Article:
ESA Hubble Photo Release | 2020 Oct 01
The NASA/ESA’s Hubble Space Telescope has tracked the fading light of a supernova in the spiral galaxy NGC 2525, located 70 million light years away. Supernovae like this one can be used as cosmic tape measures, allowing astronomers to calculate the distance to their galaxies. Hubble captured these images as part of one of its major investigations, measuring the expansion rate of the Universe, which can help answer fundamental questions about our Universe’s very nature.Time-Lapse of Supernova in NGC 2525 ~ Credit: ESA/Hubble & NASA,
M. Kornmesser, M. Zamani, A. Riess and the SH0ES team
The supernova, formally known as SN2018gv, was first spotted in mid-January 2018. The NASA/ESA’s Hubble Space Telescope began observing the brilliant brightness of the supernova in February 2018 as part of the research program ... The Hubble images center on the barred spiral galaxy NGC 2525, which is located in the constellation of Puppis in the Southern Hemisphere.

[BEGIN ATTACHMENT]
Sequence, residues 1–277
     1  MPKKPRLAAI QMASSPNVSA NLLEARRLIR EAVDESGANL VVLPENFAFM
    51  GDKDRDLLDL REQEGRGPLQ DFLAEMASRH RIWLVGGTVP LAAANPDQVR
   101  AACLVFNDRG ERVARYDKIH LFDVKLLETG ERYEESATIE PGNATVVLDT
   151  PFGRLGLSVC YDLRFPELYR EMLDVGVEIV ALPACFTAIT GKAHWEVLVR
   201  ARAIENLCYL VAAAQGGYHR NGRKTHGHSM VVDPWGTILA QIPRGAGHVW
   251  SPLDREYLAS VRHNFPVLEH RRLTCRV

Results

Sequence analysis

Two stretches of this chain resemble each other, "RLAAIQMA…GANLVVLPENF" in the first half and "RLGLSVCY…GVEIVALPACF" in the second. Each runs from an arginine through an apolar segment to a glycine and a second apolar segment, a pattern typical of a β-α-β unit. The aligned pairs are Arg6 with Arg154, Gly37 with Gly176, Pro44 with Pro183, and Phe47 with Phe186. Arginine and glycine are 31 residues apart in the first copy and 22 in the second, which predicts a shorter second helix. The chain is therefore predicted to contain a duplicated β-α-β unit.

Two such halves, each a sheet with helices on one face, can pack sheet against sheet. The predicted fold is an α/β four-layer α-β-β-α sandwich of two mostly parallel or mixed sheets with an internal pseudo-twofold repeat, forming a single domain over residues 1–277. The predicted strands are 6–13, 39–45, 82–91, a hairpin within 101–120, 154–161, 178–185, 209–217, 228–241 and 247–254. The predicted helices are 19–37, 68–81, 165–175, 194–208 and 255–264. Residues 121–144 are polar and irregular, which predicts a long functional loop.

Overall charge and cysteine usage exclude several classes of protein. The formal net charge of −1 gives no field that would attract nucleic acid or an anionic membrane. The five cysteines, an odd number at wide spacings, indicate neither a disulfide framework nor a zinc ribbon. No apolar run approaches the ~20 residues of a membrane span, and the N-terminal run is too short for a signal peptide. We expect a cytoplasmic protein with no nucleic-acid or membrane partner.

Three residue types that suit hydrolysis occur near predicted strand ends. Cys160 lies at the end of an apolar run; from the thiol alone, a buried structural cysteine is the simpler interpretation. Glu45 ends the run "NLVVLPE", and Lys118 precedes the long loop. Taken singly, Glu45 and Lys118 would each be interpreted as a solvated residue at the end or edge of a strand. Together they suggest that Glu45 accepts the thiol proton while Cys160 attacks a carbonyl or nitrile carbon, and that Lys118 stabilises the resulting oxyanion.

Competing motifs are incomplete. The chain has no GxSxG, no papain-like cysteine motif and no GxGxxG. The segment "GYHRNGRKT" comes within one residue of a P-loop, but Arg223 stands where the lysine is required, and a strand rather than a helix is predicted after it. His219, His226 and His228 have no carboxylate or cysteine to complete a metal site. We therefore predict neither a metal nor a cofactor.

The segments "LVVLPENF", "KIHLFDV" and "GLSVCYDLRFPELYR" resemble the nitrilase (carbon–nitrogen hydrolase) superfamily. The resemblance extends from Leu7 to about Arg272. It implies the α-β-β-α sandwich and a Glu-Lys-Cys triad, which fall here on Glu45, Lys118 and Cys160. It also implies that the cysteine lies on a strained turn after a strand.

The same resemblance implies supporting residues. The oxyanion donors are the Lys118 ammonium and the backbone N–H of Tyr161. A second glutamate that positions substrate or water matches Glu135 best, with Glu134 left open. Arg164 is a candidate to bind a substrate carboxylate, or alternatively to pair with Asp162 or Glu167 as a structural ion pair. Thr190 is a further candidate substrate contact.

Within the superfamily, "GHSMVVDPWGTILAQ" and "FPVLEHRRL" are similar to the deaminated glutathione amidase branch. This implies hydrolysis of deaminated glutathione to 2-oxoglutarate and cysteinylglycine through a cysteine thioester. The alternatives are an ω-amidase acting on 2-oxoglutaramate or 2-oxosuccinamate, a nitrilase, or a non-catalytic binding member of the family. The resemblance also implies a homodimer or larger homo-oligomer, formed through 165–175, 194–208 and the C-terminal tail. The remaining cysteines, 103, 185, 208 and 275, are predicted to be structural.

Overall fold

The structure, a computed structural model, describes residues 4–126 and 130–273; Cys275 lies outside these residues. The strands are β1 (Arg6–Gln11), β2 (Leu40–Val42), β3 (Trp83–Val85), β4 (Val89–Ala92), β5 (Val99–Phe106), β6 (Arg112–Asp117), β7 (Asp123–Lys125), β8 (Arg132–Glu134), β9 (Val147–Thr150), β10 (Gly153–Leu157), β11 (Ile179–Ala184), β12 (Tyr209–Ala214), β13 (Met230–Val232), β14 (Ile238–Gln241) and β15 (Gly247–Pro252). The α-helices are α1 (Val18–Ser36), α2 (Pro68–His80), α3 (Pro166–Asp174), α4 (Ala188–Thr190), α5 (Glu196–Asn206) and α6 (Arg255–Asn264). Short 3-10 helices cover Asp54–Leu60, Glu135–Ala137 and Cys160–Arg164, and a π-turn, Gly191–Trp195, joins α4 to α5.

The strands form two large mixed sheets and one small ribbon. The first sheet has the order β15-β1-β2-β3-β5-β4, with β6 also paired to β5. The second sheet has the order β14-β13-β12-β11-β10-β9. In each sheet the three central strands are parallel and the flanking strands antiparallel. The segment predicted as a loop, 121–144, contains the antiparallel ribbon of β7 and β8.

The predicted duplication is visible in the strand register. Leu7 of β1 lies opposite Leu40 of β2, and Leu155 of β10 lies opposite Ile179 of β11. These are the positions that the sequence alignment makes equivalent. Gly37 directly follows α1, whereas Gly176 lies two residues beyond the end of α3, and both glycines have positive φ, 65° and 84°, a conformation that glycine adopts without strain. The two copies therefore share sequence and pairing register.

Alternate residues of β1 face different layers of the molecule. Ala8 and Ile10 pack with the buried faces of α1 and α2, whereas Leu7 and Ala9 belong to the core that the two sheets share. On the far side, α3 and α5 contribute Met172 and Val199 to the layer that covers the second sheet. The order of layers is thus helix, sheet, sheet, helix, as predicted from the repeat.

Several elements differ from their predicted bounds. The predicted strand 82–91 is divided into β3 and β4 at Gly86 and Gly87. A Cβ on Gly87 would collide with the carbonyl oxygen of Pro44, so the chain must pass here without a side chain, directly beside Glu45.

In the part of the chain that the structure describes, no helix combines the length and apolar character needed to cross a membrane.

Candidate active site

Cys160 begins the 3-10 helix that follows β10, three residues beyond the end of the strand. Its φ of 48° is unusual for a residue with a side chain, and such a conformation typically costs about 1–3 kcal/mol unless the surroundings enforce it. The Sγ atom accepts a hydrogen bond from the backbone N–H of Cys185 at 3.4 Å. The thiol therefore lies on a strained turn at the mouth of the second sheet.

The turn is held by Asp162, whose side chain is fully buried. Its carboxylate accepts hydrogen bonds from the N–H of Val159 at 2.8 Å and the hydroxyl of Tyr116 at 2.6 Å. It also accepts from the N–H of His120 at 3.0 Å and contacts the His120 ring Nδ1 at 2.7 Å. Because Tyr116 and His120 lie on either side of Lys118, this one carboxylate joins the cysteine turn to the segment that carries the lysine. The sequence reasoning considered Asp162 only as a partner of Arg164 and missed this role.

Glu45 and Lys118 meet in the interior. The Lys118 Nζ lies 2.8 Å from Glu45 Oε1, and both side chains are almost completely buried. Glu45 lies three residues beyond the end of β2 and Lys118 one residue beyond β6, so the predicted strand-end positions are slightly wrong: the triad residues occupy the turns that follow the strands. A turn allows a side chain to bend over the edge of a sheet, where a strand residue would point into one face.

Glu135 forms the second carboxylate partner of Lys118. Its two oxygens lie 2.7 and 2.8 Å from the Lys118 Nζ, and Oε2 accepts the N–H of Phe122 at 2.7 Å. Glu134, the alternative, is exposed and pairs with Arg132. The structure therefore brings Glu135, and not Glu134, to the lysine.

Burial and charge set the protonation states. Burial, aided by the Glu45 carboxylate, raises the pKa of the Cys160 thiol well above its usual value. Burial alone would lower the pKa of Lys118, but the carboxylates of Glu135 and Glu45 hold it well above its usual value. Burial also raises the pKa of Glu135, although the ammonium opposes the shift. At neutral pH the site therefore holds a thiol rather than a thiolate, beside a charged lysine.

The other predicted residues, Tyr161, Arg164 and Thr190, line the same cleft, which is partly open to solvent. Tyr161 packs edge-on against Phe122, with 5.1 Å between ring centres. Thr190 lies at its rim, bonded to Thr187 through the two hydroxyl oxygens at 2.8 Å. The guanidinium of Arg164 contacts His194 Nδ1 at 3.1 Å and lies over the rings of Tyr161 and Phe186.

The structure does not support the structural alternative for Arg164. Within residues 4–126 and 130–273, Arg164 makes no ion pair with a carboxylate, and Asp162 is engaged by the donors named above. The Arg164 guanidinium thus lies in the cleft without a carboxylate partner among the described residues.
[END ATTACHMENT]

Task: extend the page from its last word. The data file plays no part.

The supernova is captured by Hubble in exquisite detail within this galaxy in the left portion of the image. It appears as a very bright star located on the outer edge of one of its beautiful swirling spiral arms. This new and unique time-lapse of Hubble images created by the ESA/Hubble team shows the once bright supernova initially outshining the brightest stars in the galaxy, before fading into obscurity during the year of observations. This time-lapse consists of observations taken over the course of one year, from February 2018 to February 2019. ...
Hubble Watches Exploding Star Fade Into Oblivion
NASA | GSFC | STScI | HubbleSite | 2020 Oct 01